by Jennifer Graciano
Tim Hecker’s latest album, “Ravedeath, 1972” is for many, one of the most anticipated releases of this year. The Montreal based ambient and electronic musician crafts reputable sounds which have clearly set him apart from most of his colleagues; it’s not hard to make comparisons between greats such as Max Richter, or Fennesz, but I’m not entirely sure if either has as consistent a roster as Hecker. For over ten years he has released critically acclaimed material of powerful ambient works time after time with no sign of slowing down. His 2009 release of “An Imaginary Country” had Hecker present an album that felt as if you were traipsing some unknown land, a soundscape if there ever was one. With “Ravedeath, 1972” a more foreboding and direct approach is taken. Live recordings of a lone pipe organ compiled over the span of a day in a church in Reykjavik, Iceland, give the album an entirely organic feel as sound is constantly shifting on the brink of abrasiveness.
“The Piano Drop” opens up Ravedeath, 1972, a throbbing track that seems to come out of nowhere sets the stage for the album; a melodic tune amidst a distorted bass on loop. “In The Fog I”, “..II,” and “..III” might be some of my favorite Hecker pieces. You can clearly hear the field recordings; the slow chug of the organ at the start of “In The Fog I” sounding a lot like a sputtering old car, can clearly be heard at the end of the third installment of “In The Fog.” The clatter of various background noises quickly enveloped by looped chords alongside a piano and the pipe organ itself. With sharp transitions and a seamless outro to the series, the solidity of Hecker’s work is magnified within these three enthralling pieces.
“No Drums” is mesmerizing with an ethereal ambiance about it, subduing the clatter of the organ to a minimum. No sooner is the songs looped beauty over then “Hatred of Music I” takes over with hardly any warning. As the title suggests, this is not a light listen; a jarring composition with dense echoes and a positively shrill pitch to it. Its counterpart, “Hatred of Music II,” is rich, those willful qualities to the first no longer there as a more chilling and restrained approach is taken. These two tracks are clearly the climax of the album as the pieces that follow are noticeably different in method.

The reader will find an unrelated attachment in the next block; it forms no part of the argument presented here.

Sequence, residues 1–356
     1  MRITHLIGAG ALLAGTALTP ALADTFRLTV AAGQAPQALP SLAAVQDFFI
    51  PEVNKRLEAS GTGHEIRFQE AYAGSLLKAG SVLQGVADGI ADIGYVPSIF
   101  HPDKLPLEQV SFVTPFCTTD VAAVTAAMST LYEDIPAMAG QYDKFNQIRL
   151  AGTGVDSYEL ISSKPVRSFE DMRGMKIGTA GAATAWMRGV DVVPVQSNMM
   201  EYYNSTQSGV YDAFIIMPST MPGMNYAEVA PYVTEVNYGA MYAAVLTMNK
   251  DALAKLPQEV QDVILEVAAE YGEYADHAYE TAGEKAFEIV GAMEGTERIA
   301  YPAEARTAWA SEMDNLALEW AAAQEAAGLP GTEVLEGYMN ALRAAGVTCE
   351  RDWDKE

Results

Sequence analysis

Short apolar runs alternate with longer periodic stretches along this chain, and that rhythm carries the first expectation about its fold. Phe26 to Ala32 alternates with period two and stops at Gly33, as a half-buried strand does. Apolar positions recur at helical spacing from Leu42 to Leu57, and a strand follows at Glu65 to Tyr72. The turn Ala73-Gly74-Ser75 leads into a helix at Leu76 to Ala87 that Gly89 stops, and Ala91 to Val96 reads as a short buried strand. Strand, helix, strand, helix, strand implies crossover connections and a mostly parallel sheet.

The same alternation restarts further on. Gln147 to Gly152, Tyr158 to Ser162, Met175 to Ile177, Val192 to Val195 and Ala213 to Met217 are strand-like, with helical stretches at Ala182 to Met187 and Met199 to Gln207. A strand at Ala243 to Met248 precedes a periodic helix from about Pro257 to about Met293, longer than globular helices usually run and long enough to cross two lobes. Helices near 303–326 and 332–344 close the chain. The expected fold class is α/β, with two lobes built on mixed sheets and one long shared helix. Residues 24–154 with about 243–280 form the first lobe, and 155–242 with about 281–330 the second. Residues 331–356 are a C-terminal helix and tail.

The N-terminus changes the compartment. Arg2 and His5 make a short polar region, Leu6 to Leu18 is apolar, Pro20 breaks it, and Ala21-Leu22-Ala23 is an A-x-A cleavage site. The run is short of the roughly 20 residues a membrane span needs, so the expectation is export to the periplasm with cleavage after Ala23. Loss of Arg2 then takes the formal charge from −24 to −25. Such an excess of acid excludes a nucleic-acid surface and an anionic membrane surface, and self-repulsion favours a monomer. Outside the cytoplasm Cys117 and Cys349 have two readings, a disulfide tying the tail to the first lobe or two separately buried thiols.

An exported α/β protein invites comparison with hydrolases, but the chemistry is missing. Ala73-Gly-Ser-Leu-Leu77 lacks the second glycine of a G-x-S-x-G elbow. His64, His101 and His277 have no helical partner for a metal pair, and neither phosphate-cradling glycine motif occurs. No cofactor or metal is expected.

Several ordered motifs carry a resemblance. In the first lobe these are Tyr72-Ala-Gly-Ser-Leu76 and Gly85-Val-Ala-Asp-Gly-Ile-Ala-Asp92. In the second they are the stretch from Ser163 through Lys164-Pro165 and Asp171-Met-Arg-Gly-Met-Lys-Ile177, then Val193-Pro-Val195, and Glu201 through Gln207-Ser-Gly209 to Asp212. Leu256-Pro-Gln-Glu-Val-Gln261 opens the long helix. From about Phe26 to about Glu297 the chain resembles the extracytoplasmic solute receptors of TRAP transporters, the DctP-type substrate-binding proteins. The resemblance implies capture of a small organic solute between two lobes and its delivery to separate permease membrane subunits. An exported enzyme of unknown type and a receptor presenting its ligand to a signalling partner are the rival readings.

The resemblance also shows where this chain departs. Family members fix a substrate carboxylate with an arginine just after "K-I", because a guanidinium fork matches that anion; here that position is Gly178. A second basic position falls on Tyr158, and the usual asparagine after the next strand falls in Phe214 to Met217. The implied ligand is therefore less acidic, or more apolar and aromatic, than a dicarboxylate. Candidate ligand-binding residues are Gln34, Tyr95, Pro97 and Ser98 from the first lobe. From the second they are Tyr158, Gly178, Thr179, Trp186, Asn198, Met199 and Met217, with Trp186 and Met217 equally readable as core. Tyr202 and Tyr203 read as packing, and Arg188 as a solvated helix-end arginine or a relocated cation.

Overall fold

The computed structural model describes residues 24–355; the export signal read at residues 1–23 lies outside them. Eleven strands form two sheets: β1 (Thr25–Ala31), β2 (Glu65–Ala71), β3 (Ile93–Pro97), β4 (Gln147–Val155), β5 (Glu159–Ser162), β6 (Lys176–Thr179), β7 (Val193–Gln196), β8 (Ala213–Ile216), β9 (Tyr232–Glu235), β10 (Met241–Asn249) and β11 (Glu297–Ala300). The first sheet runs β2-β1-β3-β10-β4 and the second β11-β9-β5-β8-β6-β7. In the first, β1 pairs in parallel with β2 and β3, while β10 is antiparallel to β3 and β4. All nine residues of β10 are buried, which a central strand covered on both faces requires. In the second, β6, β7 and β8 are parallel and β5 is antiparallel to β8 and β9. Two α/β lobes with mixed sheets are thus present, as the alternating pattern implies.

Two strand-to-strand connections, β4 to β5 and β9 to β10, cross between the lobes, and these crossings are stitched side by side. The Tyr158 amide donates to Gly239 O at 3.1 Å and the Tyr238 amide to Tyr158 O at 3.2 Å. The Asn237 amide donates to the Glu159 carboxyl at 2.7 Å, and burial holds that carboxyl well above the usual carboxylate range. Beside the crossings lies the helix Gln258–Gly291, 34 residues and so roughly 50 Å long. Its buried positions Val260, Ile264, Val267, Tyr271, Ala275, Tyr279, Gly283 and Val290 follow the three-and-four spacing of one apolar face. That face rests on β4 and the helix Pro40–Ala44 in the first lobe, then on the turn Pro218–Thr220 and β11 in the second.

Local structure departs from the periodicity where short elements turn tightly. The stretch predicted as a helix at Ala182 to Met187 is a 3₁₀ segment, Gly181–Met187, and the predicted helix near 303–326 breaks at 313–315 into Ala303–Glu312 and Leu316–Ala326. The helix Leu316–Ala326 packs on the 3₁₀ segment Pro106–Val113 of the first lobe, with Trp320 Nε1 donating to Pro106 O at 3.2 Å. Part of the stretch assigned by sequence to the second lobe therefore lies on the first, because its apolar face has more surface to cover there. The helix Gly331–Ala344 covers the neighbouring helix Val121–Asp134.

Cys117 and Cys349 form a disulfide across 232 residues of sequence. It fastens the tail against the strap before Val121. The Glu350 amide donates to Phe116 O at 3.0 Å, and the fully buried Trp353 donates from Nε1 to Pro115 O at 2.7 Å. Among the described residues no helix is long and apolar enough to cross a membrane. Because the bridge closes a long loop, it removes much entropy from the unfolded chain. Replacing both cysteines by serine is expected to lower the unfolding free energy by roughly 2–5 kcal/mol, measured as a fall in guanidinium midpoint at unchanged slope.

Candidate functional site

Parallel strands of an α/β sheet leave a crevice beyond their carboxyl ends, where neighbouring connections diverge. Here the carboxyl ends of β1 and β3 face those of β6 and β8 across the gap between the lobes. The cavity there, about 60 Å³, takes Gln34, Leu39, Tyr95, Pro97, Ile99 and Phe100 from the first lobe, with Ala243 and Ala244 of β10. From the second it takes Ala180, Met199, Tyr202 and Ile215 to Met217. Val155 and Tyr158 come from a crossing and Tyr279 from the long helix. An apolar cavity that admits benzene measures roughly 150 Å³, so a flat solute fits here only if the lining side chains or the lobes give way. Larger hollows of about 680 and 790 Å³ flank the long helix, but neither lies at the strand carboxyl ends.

“Analog Paralysis, 1978” isn’t as disarming as the previous tracks, a more active listen with a cascade of noise. “Studio Suicide, 1980” is a slow buildup, an upsurge of sound where one may be inclined to let the mind wander as a more menacing tone takes over.
Another three part series, “In The Air,” closes the album with effortlessness. A relatively simple opening: “In The Air I” eases slowly into what is to be a completely boisterous set of scales. The tracks go in and out and as Hecker holds out on parts to isolate sounds, which are then quickly incorporated into the mass of noise. With some light keys in the background, the piano is reintroduced with full-force; by the end of “In The Air II” and “..III,” it has become the focal point, only to disappear all together as “Ravedeath, 1972” comes to an end.
“Ravedeath, 1972” is a lot more powerful than Hecker’s previous work; hardly anything like “Harmony in Ultraviolet’s” delicate demeanor, and with so much more force than “An Imaginary Country”. “Ravedeath, 1972” may very well be Tim Hecker’s strongest album to date. With such a solid musical career, Hecker has assured the public that he is more than capable of consistently releasing great material. The naturally dense, intricate transitions, and enveloping qualities to Hecker’s music are without a doubt satisfying, and absolutely marvelous. This album is an entirely dynamic work with an emphasis on layers and textures that raises Hecker’s own bar. A must for any fan of experimental or ambient music, “Ravedeath, 1972” is a completely rewarding listen, and a tremendous feat for Tim Hecker. Long time fans of his work will surely be pleased, if not ecstatic, by this release.